How many times have you been on a walk with your dog around your neighborhood or at the local park/walking trail and another owner insists that their dog is fine and wants to meet to your dog? You know your dog, and your dog likes her personal space. It doesn’t matter the reason why your dog doesn’t want to meet another dog, or even how she will react, it matters that the other owner is not respectful of you and your dog’s personal space.
Personal space is an important element in human society. There are unwritten rules – not speaking to someone inches from their face, not jumping into someone’s car without asking first because you need a ride, or even entering a person’s home you don’t know to use their bathroom. A common-sense respect for personal space boundaries makes people feel more comfortable.
It is the same in the dog – dog world. Each dog and owner on a walk has their own personal space boundaries. When most people are walking their dog, it should be to walk their dog, not to visit every other dog in the neighborhood. If you are not in this category and you think your dog should meet all other dogs, then you are mistaken.
You do not know the history, training or control the owner has, of the other dog. You are not only putting your dog at risk, but the dog whose space you are invading at risk. Letting your dog approach another dog without asking the owner first, doesn’t give the other owner a chance to tell you “No”.
The owner of the other dog you want your dog to meet knows their dog. They know if their dog is ready to socialize with other dogs. The owner may be working with/training their dog, and your invasion of that personal space boundary is disruptive. Letting your dog run up to another dog whether on a long lead, retractable leash or off-leash is disrespectful of the other dog’s personal space. You are no longer in control of your dog in this instance. If your dog runs up to a reactive/fearful dog, then your dog could be injured. It is not the responsibility of the other owner to preemptively tell you their dog is not friendly, is fearful, and is not good with other dogs. Since you are the one that wants your dog to meet another dog, it is your responsibility to ask.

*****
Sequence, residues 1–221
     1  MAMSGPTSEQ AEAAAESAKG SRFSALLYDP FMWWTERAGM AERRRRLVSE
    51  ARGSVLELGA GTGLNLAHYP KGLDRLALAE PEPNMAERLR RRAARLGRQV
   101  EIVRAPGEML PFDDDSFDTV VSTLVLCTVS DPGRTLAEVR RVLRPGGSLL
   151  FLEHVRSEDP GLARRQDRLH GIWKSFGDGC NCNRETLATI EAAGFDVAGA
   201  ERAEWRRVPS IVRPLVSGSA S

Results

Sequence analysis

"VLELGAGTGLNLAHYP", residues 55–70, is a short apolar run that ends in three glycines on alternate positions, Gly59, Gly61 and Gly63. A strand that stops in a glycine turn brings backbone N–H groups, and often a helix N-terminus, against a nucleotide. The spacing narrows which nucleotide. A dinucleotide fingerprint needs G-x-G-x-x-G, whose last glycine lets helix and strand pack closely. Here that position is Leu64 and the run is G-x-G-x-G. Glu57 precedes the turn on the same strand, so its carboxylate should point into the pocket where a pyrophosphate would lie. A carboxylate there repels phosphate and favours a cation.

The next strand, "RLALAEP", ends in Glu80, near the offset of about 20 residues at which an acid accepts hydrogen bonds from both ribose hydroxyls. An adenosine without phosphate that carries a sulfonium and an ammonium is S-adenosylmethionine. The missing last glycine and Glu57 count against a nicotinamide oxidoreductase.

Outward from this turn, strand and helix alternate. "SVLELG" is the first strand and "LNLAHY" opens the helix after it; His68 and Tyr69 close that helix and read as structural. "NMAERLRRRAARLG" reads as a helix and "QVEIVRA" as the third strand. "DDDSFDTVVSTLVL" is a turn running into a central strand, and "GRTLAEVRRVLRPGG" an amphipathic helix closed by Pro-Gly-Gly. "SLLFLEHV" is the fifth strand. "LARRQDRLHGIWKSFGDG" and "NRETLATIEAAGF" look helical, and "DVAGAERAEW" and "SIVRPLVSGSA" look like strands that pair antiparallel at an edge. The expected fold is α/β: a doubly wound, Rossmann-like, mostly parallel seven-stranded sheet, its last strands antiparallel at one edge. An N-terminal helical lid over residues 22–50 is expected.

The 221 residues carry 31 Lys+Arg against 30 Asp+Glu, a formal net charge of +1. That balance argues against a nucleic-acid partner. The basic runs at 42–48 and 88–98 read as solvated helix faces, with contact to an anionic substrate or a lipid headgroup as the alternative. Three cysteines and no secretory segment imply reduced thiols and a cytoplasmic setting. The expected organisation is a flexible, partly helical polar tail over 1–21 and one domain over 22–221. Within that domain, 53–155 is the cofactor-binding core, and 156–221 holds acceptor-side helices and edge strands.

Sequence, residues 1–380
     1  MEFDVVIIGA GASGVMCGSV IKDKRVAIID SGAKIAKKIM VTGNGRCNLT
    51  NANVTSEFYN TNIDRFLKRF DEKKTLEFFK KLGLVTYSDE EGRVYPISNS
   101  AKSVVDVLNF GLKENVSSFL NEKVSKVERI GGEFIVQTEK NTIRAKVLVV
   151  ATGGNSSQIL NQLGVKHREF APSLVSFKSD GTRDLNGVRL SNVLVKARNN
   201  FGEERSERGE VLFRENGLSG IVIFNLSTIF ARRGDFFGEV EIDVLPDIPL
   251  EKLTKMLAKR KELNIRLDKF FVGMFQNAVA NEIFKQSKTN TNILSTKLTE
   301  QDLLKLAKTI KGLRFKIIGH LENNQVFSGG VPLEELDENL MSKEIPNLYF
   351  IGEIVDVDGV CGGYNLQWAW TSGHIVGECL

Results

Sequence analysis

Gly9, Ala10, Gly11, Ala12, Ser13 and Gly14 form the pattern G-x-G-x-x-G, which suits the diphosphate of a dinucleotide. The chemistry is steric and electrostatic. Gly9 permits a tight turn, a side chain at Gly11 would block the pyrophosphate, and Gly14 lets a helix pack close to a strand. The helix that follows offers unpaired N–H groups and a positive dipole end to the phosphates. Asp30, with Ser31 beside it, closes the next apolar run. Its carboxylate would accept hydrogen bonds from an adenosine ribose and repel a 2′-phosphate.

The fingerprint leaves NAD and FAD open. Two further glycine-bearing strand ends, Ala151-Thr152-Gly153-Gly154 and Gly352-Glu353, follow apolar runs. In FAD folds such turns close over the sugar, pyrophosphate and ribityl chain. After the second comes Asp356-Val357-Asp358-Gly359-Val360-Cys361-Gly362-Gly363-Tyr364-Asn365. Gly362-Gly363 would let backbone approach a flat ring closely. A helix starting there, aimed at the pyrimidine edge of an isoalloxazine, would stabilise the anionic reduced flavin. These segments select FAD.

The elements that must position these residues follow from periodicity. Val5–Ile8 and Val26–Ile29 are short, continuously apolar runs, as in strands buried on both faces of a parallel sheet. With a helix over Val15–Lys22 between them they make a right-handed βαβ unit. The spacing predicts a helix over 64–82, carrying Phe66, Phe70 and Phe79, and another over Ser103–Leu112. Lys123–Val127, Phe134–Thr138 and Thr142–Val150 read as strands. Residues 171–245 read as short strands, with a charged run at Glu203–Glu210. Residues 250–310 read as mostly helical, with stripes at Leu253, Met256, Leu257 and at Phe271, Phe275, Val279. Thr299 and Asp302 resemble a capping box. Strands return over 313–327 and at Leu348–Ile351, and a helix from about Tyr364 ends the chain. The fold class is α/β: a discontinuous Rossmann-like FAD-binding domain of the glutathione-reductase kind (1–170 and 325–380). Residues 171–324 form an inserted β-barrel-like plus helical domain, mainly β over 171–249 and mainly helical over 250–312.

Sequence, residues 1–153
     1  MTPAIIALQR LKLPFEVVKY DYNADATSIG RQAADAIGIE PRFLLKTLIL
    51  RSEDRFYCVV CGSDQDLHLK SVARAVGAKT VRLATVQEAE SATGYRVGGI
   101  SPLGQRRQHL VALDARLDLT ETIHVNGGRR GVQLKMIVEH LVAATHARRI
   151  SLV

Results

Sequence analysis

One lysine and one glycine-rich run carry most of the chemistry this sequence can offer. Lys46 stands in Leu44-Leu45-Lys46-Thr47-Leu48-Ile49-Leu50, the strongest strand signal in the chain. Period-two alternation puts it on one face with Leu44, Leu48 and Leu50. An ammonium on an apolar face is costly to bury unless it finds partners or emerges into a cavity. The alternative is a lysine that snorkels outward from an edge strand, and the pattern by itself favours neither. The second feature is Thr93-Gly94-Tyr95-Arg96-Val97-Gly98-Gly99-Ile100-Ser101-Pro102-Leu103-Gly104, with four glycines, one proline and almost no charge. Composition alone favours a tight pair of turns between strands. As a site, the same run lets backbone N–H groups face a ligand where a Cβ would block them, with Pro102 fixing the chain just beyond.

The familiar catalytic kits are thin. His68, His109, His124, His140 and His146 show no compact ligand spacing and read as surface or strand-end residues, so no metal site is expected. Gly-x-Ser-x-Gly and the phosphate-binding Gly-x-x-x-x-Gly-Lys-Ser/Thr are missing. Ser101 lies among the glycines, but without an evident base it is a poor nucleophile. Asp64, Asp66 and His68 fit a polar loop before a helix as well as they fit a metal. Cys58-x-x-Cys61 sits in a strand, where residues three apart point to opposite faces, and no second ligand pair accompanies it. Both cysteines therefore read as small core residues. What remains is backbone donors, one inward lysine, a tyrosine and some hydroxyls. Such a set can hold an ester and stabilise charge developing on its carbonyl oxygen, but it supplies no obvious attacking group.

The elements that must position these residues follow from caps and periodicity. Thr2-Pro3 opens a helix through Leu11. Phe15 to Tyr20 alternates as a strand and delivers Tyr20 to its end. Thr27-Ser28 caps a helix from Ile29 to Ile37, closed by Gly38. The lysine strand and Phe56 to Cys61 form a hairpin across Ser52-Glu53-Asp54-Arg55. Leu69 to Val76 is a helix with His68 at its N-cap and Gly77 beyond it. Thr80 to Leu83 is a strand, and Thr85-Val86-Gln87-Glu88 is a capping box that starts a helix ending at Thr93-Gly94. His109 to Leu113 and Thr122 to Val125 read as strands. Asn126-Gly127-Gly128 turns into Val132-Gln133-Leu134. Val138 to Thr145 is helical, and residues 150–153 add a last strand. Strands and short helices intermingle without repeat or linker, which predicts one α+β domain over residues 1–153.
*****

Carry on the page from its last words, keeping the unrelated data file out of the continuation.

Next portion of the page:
Respect the other owners answer. If you ask if your dog can meet the other dog, and that owner says NO, you need to respect that decision. Again, that owner knows their dog. It is not up to you because your dog is good with other dogs, or you want to socialize your dog. It is not up to you to ignore the other owners answer and have them meet anyway. It is not up to you to try to talk the other owner into meeting. However, if the other owner does not hesitate and says YES, then absolutely have your dogs meet.
Yes, socialization is important. But it is also important to do it correctly and respect the personal space of dogs and humans.
Jeri Wagner is a canine behavioral therapist and master trainer. Jeri uses a natural training system leveraging the same communication methods – body language and voice control – that dogs follow as part of their instinctive pack mentality. Training takes place in the home where the problems generally occur. Jeri trains in western Montgomery County, northern Chester County and eastern Berks County. For more information, call 1-877-500 BARK (2275) or visit www.barkbusters.com.
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